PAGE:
Birds At Our Feeders

We live in a pecan and oak forest along a streambed that’s usually dry, but that can run 6 feet deep in a heavy rain. (We used to have those as I recall.)

It’s the perfect place for birds. Lots of birds. And their time is just about here. It’s been quiet these past couple of months, but my friends at Wild Birds Unlimited tell me the migrants from the North are headed our way, and that goldfinches and others are nearing North Texas, perhaps just a little bit longer for those of you farther south.

I took this photo from our sunroom window on a cold winter day a couple of years ago. This is an old, weathered feeder, but the goldfinches didn’t seem to mind.

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In the meantime the WBU experts talk about local birds “caching” seeds now for consumption in the cold, dark days of the winter. I’m just going to quote from the Wild Birds Unlimited website so I won’t make any mistakes in translating the words of the experts:

From Wild Birds Unlimited…
In the fall chickadees, nuthatches, titmice and jays begin hiding food to retrieve and eat later in the season. This behavior is called “caching.” Caching helps birds survive during bad weather and when food sources are low. These birds can store hundreds of seeds a day. Each seed is placed in a different location and they generally remember where each one is, even months later.

By providing a foundational feeder filled with their favorite foods, you can help your birds with their caching needs. Recent research has shown that a consistent and reliable source of food helps birds to build body fat reserves, reduces their physiological stress and helps to maintain a healthy body condition.

Chickadees prefer to cache black oil sunflower seeds; often eating a small portion before hiding it in and under bark, dead leaves, knotholes, clusters of pine needles, gutters, shingles and in the ground. Chickadees cache more in the middle of the day when visiting feeders.

Titmice are rather particular. They choose the largest sunflower seeds available to eat and cache. Titmice and chickadees like to cache seeds within 130 feet of bird feeders; your yard or a neighbor’s yard. Often, they tuck seeds into the bark and crevices of a wood pile or on a large branch. They even cache them under mulch in a garden.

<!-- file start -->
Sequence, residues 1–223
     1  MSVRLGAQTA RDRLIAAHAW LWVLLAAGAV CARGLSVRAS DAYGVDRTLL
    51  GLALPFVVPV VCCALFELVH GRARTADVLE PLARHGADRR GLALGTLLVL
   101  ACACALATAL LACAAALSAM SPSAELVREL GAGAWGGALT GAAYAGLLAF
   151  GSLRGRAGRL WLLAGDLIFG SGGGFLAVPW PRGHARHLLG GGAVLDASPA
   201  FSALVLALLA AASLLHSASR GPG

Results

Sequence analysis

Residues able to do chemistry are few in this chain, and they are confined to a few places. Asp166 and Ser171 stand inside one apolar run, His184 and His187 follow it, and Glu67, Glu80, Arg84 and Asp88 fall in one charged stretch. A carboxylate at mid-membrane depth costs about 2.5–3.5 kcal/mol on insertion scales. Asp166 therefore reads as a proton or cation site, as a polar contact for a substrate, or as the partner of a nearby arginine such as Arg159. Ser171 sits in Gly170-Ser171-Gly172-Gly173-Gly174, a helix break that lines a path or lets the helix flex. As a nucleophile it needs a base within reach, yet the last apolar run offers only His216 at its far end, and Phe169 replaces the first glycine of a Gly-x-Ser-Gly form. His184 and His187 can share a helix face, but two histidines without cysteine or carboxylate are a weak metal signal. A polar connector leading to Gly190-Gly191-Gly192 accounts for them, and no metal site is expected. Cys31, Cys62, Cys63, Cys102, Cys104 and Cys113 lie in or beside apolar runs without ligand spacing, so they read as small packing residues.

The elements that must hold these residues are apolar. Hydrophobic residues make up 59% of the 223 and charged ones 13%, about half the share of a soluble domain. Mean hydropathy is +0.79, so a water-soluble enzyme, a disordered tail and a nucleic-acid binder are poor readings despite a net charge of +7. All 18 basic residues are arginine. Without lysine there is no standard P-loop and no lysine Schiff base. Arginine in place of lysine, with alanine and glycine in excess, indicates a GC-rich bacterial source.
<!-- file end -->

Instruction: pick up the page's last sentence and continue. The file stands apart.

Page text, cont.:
Nuthatches are fast-paced little birds, often upside-down on tree trunks as they cache seeds they’ve pulled loose from your feeders.

Nuthatches prefer heavier sunflower seeds over the lighter ones. Be sure to have some sunflower chips in your blend, too, as they like these more than ones in the shell. They prefer to hide foods on deeply furrowed tree trunks and the underside of branches. Nuthatches are also known to hide seeds under a shingle or behind wooden siding.

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Jays love to cache peanuts, sunflower seeds, acorns and pine nuts. They are especially fond of peanuts in the shell. They bury them in the ground and are known to cache about 100 in a day; emptying a feeder in no time. Watch them make repeated trips to your feeders (or an oak or pine tree) and fly off. They can travel up to two miles to bury their nutritious treasure.

A cardinal and goldfinch share in the feast. It’s easy to see why bird watching is one of the favorite recreational activities in America today.
Posted by Neil Sperry
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